This article was in my news feed yesterday.
Fear Free Challenge
The title alone, caught my attention. I clicked on it, read and listened. There is much more to read and listen to via videos but I wanted to share it and discuss fear and handling pets at the Veterinarians office. Many of you already know about some of my issues with Veterinarians. I have had several situations that turned out very badly at the Vets.
Losing my dog
Looking for a great Vet
Care, real care
So, if you've read the above blogs you will understand my stand on the whole concern over Veterinarian employees handling of my dogs. I have recently had a few very nice Vet office visits, so it is not all the Veterinarian facility that I am talking about, just a few that don't get it.
A trip to the vet (good one)
I remember years ago when I was taking all three of my dogs in for titers. They were having blood removed from their jugular vein and needed to be held up against the person with their head held back. One of the technicians grabbed Jessie and began putting her in position; Jessie then started to struggle, the more she struggled the harder the tech held her. It was a lose, lose situation and Jessie started to panic. I immediately stepped in and very abruptly said "I'll hold her." There was a great deal of shrugging and apprehension as I was accustom to so I just ended it there by making a statement of what was happening, I wasn't asking. As soon as I took Jessie into my arms she relaxed and I talked to her while they drew her blood. It was as easy as that.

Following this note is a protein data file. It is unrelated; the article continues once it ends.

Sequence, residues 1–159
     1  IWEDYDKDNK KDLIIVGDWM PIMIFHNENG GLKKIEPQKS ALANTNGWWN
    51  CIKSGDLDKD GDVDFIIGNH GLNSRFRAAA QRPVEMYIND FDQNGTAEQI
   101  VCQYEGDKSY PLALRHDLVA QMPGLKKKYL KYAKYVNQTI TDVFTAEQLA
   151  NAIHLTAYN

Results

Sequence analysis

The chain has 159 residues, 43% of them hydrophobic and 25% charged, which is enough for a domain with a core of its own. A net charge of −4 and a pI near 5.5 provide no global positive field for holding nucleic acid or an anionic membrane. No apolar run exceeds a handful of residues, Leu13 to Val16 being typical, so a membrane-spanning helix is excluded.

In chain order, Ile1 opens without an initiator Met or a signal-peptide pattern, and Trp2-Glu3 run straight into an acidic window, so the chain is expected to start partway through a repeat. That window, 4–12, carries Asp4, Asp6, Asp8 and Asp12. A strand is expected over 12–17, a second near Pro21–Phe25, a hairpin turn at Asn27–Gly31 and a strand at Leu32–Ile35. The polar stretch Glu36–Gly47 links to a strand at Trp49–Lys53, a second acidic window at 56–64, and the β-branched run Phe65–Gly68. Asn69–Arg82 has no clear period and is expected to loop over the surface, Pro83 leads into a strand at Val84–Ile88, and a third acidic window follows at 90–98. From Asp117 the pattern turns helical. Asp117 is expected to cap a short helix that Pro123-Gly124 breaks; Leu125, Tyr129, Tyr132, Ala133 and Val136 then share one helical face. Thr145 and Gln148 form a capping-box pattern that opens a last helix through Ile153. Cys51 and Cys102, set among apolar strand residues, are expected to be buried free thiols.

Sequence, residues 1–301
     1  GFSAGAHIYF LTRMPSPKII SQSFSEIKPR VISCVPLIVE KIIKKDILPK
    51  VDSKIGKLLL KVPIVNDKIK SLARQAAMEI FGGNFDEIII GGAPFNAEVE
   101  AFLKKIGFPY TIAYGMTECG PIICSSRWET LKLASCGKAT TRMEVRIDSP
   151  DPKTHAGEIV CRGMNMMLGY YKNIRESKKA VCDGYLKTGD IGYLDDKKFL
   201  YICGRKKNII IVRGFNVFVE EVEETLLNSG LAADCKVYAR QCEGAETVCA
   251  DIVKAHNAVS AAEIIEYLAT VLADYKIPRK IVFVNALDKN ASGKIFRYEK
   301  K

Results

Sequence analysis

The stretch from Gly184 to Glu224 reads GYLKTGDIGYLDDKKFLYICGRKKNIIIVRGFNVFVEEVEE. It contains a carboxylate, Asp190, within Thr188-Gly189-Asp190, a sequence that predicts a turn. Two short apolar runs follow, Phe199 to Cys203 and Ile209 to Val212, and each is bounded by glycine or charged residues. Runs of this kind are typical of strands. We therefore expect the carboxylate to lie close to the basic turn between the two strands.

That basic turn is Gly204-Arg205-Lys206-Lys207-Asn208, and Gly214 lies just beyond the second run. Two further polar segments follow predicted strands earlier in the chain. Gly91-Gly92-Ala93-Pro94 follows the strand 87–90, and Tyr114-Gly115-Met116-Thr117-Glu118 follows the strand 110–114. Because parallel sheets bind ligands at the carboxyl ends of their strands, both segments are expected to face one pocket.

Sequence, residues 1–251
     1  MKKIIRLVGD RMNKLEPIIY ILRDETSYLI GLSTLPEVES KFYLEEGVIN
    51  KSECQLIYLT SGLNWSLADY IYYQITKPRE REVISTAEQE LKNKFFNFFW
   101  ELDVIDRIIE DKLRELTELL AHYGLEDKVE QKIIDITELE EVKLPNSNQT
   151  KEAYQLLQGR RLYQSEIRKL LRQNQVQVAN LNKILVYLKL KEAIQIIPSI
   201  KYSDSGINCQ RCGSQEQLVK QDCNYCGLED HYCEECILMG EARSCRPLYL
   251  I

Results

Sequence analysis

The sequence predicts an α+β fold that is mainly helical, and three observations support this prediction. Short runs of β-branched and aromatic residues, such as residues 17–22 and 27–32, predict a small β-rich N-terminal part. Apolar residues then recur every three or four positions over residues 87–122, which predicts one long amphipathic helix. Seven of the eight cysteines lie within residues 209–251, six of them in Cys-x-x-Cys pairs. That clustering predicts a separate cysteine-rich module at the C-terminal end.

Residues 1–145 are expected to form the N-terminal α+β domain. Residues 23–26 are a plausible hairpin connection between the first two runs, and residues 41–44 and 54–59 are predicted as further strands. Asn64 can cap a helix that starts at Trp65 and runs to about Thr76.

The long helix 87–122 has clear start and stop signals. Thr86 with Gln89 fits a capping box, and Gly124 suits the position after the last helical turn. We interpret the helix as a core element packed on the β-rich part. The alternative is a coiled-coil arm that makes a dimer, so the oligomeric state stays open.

Now, yes, I know there are people who cannot and do not want to hold their dog while they have a blood draw; but that is not me, I want to be there for my dog and I am more than capable. I do not know if the above Fear Free Challenge also incorporates the art of dealing with owners being hands on but it should. I will read further to see if there is anything about it or if it is just about how "they" handle the animals.
When someone wants to stay with their animal, help, hold and assist; it should be given a chance. Of course there are people who might want to help but are just more trouble than good. Even if we can't do everything that is needed, we should be allowed to be present. I know that if I could be there, my dogs would be much more relaxed. The simple act of being taken away from their owners is very stressful; why is this not a consideration in most practices?
The Veterinarian office that asked Tilley and I not to return was very bad with their handling of Tilley. The techs did not take into account that she was 14.5 with Vestibular disease. They man handled her into position, caused her to fall and generally made things horrible. I hope that this challenge changes things, I guess time will tell.